Pension firms choose when to de-risk your money based on one’s expected retirement age, however, many savers are not keeping up to date with their pension schemes and have no clue how their money is being managed.
A survey by the wealth manager Interactive Investor found that 65 percent of over-55s did not know whether their money was being moved into less risky investments in the build-up to retirement.
An expert has explained that if people don’t ‘de-risk’ their portfolio at an appropriate time, they could shave thousands off their pensions for retirement.
By de-risking too early, pension savers can’t enjoy the full benefits of their investments.
Mark Powley from the consultancy Isio said: “At 50 it can be difficult to know when you plan to retire, but one of the most important things to get right is to make sure your pension scheme has your target retirement age so that de-risking begins at the appropriate time.
READ MORE: ‘Slap in the face’ for war widows in fight for pensions justice
“Otherwise you won’t get the full benefits of the investment growth phase and will end up with less money than you were expecting.”
The standard approach to retirement planning has typically been to mainly invest in funds that invest in shares while ond is young.
Then as people get closer to retirement, they can gradually de-risk their portfolio by choosing funds that invest in a mixture of investments including bonds, as well as cash.
Isio analysed the performance of 13 pension schemes. It said that in the three years to October, growth funds generated average returns of about eight percent a year, while de-risked funds returned about three percent.
In 2019 the insurer Aviva estimated that a typical pension saver could expect £4,000 less in their pension at retirement age if their target date was set three years too early.
Alice Guy, Head of Pensions and Savings at interactive investor, says: “Lots of people are struggling to save properly for their futures, but some sections of society are particularly at risk of not having enough money in retirement.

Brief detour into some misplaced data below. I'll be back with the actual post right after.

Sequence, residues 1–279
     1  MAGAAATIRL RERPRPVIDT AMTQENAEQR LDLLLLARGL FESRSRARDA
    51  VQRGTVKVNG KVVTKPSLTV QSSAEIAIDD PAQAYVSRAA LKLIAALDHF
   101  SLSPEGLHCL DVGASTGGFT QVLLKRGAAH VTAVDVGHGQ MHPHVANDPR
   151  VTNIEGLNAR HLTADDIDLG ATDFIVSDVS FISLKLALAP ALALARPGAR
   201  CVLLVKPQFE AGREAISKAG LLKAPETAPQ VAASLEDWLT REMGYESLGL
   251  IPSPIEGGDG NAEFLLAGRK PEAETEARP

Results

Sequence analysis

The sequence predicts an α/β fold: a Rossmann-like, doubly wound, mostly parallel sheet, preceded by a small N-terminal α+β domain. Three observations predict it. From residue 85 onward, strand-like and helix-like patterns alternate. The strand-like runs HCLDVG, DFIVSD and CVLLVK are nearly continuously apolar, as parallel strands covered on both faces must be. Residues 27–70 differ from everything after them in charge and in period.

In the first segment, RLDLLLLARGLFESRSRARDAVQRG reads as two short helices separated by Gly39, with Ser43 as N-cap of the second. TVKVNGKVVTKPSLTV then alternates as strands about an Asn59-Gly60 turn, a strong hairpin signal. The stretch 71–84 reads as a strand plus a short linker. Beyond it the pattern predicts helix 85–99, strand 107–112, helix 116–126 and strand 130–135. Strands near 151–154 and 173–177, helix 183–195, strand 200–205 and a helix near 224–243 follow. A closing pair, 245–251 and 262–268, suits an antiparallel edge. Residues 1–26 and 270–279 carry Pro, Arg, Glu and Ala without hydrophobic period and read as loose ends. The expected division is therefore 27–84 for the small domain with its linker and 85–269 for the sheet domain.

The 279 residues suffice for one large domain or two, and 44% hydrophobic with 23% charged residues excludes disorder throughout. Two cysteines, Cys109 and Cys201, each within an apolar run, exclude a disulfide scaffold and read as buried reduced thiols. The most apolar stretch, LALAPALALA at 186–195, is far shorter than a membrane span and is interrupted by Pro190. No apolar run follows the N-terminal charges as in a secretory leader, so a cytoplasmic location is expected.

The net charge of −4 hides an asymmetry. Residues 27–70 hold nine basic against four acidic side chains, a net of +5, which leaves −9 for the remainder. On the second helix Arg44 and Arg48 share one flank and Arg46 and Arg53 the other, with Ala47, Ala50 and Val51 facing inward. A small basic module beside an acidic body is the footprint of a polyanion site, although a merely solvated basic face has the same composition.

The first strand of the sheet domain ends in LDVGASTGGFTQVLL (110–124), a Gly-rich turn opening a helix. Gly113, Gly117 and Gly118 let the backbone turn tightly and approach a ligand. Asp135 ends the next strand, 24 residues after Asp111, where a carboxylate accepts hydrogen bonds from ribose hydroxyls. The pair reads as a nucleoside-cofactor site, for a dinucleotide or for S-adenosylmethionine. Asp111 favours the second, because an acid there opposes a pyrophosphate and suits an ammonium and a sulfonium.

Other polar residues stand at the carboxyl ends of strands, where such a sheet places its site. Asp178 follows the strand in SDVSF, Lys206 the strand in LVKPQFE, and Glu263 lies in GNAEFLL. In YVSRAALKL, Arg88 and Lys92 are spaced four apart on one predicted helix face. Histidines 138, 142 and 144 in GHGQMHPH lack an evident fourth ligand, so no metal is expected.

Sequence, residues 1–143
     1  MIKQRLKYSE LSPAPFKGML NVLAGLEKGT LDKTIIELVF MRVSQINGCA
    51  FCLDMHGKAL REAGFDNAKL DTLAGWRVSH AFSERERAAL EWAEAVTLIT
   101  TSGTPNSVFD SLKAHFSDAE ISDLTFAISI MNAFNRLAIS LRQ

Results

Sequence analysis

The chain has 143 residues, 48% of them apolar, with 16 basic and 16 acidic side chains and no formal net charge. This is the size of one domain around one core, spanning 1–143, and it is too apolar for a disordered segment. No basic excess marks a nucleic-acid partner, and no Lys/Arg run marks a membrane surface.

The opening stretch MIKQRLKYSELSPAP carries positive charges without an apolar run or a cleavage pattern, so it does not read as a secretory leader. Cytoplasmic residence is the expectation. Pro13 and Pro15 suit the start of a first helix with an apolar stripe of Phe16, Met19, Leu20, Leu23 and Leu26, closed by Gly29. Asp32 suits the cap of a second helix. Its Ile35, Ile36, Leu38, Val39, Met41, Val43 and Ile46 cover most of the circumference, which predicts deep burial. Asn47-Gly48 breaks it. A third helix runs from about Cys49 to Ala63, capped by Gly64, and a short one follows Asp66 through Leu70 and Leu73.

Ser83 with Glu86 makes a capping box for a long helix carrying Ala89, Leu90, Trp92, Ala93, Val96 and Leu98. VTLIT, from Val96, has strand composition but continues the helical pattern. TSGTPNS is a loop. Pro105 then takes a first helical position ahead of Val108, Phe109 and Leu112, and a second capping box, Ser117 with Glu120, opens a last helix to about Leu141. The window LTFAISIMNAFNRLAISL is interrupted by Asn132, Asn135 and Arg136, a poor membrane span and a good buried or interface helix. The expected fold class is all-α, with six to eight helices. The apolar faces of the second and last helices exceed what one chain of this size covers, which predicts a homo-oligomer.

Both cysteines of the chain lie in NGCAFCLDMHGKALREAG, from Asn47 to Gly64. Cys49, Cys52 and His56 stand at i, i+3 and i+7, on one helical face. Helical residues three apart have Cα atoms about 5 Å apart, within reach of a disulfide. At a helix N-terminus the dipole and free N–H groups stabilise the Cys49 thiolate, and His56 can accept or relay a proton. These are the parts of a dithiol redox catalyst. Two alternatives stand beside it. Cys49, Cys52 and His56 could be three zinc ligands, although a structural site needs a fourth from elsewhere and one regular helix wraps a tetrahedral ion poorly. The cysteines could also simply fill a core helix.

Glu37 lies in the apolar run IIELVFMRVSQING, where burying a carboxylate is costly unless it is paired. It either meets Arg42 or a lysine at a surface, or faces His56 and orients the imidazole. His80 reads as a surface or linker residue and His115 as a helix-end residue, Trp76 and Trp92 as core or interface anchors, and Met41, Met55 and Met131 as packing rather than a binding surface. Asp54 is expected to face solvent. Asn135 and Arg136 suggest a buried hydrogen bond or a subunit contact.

“We can’t all control the amount of money we pay into our pensions, particularly when times are tough. But what we can control is risk, which can be fundamental to achieving retirement goals. If you don’t know your risk, you can’t plan.”
However there are other options people can consider to boost their income in retirement, such as an annuity.
- Support fearless journalism
- Read The Daily Express online, advert free
- Get super-fast page loading
Fury over state pension ‘injustice’ as 500,000 miss out on benefits increase[LATEST]
From free cash to cheaper investments: How to make the most of your pension[INSIGHT]
Triple lock campaign gets major boost as Hunt now under pressure to honour st…[ANALYSIS]
Tom Selby at AJ Bell said that lifestyling and de risking strategies were outdated and worked best for customers who planned to buy an annuity with their pension pot when they retire.
Annuities are insurance products that pay a fixed income in exchange for a lump sum upfront and their prices are linked to the yield of long-term government bonds (gilts).
Figures from Hargreaves Lansdown show that a 65-year old with a £100,000 pension could get up to £7,144 each year compared to £5,940 a year ago on a five-year guaranteed single life, non-increasing income annuity.
Annuities look a lot more attractive now than they have over the last couple of years. However, many are concerned about locking into an annuity rate now and potentially missing out on higher rates in the future.
It should be noted that waiting for a higher annuity rate would also mean missing out on those income payments someone would get in the meantime.
It found that growth funds typically held 83 percent stocks and six percent bonds while de-risked funds were made up of 33 percent stocks and 42 percent bonds.
Isio said that someone on a starting salary of £25,000 at 22 who retired at 65 and saved eight percent into their pension throughout their career could expect to have £283,000 in their pot if they were de-risked 15 years before retirement.
If their money stayed in the growth fund, they would have £308,000. It assumed salary increases of two percent a year.
They found that moving away from equities too early can dampen one’s investment returns.
Source: Read Full Article